Your view on marriage?
Everywhere you go they sell marriage as the ultimate thing for a woman, but not for a man. It's okay for a man not to be married at forty, but not for a woman. I do not support that. I got married when I was twenty-nine and there was so much pressure from my mother and from my aunt. They were like, "Oh, you're so old. You're not going to have children." But you have to make the decision yourself and that is where we have to educate our women and girls. If you want to get married, you can get married. You have to choose to whom you get married and when the right time is. Marriage is a lot of work. But there is no pressure, the time will come, and there are a lot of men out there!
Advantages to educating a girl?
The moment the girls enter our doors, they find a community that is caring and tells them whatever you want to become in life is possible. One of the bigger hurdles of educating these girls is undoing the damage that the community has ingrained in their minds, especially concerning marriage and jobs. But when you give a girl an opportunity, she will never, ever embarrass you or let you down. It's a school, but it's also a home. Even when they're eating at home they're malnourished. Just by looking at their faces you can tell they're not having balanced meals. At our school we make sure they have a balanced meal. We want to nourish them--their bodies and souls. We have teachers who really focus on them and believe in them. When I went to school they viewed me as the one who wasn't smart. When we give these girls attention they do really, really well. We compete with about five hundred schools in our county and our school is in the top five. These girls are not thinking about themselves, but others. They go home and educate their little sisters. They are devoted to learning and devoted to giving back.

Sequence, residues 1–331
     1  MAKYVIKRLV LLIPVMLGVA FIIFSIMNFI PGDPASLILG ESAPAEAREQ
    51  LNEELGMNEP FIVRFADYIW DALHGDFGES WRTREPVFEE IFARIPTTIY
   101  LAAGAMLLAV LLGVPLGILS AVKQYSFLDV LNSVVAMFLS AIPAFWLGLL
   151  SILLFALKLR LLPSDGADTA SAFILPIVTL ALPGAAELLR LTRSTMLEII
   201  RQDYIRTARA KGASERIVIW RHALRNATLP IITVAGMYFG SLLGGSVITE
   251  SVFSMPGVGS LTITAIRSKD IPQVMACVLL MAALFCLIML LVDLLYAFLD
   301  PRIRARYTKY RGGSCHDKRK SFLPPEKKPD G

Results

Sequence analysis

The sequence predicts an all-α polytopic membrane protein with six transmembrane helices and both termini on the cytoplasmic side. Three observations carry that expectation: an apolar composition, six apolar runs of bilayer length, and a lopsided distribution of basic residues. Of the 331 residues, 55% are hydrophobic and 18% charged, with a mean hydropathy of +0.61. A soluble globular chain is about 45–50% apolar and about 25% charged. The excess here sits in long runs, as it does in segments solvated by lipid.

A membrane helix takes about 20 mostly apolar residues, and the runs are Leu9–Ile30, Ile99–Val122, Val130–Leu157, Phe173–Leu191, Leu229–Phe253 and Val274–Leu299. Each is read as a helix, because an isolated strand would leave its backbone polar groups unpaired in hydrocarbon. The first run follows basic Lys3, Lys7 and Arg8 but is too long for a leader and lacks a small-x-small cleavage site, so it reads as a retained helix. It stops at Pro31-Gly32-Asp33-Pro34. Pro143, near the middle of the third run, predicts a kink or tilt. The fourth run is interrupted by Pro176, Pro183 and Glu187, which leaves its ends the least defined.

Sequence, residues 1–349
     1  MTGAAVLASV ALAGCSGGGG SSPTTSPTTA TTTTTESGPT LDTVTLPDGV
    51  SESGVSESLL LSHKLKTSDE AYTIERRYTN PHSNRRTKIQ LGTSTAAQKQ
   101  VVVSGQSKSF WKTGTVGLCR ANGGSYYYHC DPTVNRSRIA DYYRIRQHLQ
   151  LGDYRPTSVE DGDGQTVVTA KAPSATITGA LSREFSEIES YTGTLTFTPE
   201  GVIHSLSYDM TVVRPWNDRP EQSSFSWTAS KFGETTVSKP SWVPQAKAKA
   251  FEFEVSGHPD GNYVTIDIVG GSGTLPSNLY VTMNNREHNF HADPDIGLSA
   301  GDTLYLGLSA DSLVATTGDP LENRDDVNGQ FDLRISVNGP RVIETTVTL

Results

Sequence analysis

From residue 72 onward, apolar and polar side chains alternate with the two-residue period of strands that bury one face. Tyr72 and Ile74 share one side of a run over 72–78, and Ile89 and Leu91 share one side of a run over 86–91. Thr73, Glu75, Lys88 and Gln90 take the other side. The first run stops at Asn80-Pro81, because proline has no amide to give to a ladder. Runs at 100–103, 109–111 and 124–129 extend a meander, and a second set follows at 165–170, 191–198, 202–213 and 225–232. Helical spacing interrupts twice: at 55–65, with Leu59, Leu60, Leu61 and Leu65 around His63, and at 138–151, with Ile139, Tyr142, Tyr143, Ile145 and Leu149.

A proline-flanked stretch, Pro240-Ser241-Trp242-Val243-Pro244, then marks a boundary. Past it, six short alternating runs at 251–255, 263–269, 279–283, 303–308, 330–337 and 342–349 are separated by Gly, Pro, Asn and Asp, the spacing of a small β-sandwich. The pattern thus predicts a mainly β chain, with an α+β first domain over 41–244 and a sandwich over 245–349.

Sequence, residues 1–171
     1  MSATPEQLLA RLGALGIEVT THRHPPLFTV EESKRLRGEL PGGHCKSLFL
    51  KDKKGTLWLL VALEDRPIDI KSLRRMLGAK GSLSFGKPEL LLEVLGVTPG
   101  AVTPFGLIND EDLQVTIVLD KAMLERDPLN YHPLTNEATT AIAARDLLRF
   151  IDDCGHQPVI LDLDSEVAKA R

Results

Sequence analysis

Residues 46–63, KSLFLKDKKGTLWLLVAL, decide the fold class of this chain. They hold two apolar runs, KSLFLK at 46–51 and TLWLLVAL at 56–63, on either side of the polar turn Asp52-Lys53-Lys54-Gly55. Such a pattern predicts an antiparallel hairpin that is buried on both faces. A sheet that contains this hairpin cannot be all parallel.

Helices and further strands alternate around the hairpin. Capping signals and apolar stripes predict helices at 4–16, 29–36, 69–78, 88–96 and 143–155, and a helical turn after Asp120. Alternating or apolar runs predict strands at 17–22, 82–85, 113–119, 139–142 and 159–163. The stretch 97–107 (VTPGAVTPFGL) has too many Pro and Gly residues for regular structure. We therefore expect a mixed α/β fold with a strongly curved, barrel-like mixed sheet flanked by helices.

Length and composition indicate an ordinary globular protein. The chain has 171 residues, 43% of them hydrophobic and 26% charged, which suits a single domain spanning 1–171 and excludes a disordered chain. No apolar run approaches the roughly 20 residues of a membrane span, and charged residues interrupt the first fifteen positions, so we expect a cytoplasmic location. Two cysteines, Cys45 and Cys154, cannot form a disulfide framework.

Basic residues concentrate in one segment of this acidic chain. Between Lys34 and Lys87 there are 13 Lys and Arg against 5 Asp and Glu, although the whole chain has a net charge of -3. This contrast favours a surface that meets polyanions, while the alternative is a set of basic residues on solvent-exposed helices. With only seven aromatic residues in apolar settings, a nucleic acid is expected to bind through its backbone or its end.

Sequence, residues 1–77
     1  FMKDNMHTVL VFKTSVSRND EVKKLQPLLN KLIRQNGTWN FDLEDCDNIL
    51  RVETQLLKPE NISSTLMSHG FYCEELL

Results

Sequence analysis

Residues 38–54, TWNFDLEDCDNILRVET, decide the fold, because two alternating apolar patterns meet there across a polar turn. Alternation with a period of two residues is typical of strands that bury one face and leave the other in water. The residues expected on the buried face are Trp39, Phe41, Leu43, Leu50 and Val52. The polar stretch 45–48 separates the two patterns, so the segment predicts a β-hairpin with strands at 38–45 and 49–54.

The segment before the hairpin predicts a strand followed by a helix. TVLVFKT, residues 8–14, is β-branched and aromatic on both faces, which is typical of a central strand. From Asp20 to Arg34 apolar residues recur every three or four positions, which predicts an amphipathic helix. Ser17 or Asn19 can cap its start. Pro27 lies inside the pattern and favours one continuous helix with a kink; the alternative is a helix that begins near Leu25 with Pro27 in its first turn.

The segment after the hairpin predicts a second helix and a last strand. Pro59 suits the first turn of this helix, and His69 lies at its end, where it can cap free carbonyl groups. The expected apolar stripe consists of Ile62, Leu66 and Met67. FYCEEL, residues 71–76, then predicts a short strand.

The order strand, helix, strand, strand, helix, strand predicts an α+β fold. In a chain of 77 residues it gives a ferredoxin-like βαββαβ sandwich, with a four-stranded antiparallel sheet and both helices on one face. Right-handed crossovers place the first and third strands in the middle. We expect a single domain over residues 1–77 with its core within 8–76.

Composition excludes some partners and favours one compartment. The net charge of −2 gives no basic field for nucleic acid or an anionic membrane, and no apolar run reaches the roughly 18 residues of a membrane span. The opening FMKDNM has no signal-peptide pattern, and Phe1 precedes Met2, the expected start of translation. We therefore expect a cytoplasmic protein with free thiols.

Breakdown to breakthrough moment?